(37) 97) One advantage in using a PDF file to send a report is the author's ability to A) manage group changes. B) control how the document is displayed on a computer. C) determine how long the document will be available to the recipients. D) limit group input and comments. E) ensure timely delivery. Answer: B Explanation: B) Using PDF files lets you control how your document is displayed on your audience's computer, ensuring that your readers see your document as you intended. Review and commenting features in Adobe Acrobat and other systems make PDFs a handy way to gather input from a team of reviewers, too. In addition, making documents available as downloadable PDF files is almost universally expected these days, if only for the sake of convenience. LO: 13.5: Describe the decision process for distributing reports and proposals. AACSB: Reflective thinking Difficulty: Moderate Classification: Synthesis Learning Outcome: Apply the writing process when writing business proposals 98) If you are competing with several other firms in the submission of a proposal, one way to stand out from the competitors is to A) include strong graphics on the cover. B) deliver it in person. C) use a professional delivery service. D) call later that day to ensure arrival. E) deliver the proposal over a celebratory lunch. Answer: C Explanation: C) For physical distribution, consider spending the few extra dollars for a professional courier or package delivery service, if that will help your document stand apart from the crowd. LO: 13.5: Describe the decision process for distributing reports and proposals. AACSB: Analytic thinking Difficulty: Moderate Classification: Conceptual Learning Outcome: Apply the writing process when writing business proposals 99) When distributing reports and proposals electronically, why is it preferable to send documents as PDF files instead of word-processor files? Answer: Sending documents as PDF files is preferable because it reduces the chances of spreading viruses or malware. The PDF format also gives you more control of how the document will be displayed on the audience's computer. LO: 13.5: Describe the decision process for distributing reports and proposals. AACSB: Information technology Difficulty: Easy Classification: Synthesis Learning Outcome: Apply the writing process when writing business proposals 37 Copyright © 2017 Pearson Education, Inc.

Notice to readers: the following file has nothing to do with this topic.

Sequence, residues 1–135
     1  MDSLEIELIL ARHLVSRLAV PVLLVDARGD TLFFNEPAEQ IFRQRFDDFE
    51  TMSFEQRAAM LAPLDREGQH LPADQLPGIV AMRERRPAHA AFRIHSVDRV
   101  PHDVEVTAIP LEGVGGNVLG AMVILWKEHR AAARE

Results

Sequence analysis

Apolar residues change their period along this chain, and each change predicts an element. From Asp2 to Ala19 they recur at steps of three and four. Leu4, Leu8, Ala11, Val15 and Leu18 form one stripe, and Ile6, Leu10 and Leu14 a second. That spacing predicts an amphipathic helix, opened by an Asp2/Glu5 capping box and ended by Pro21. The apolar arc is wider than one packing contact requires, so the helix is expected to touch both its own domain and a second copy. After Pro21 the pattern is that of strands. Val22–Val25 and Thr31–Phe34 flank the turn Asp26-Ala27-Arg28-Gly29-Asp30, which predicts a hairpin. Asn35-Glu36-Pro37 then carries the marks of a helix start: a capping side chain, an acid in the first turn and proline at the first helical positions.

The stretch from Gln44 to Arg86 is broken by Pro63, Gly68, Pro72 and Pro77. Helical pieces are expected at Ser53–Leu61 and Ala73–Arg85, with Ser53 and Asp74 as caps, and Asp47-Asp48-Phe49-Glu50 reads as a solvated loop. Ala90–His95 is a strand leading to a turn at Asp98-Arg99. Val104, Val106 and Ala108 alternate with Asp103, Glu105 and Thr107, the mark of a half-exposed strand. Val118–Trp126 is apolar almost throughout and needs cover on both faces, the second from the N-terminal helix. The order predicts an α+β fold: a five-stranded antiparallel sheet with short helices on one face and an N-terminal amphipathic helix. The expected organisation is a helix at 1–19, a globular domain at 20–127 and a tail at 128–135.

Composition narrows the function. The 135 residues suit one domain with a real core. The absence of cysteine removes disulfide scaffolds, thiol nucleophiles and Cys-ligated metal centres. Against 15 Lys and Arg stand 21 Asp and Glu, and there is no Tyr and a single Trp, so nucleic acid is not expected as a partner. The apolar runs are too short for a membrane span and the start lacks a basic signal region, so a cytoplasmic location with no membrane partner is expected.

(38) 100) How does proofreading reports and proposals differ from proofreading other business messages? Answer: Proofreading reports and proposals is similar to proofing other types of business messages, but reports and proposals often contain elements that other messages lack. This requires paying special attention to visuals to ensure that they are accurate, correctly positioned, and easy to understand. LO: 13.5: Describe the decision process for distributing reports and proposals. AACSB: Written and oral communication Difficulty: Moderate Classification: Conceptual Learning Outcome: Apply the writing process when writing business proposals 38 Copyright © 2017 Pearson Education, Inc.

(39)

Dokumen baru

Download (38 Halaman)
Gratis

Tags

Online Instructor Lean Six Sigma Donna Summers Test Bak Online Instructor Lean Six Sigma Online Instructor Lean Six Sigma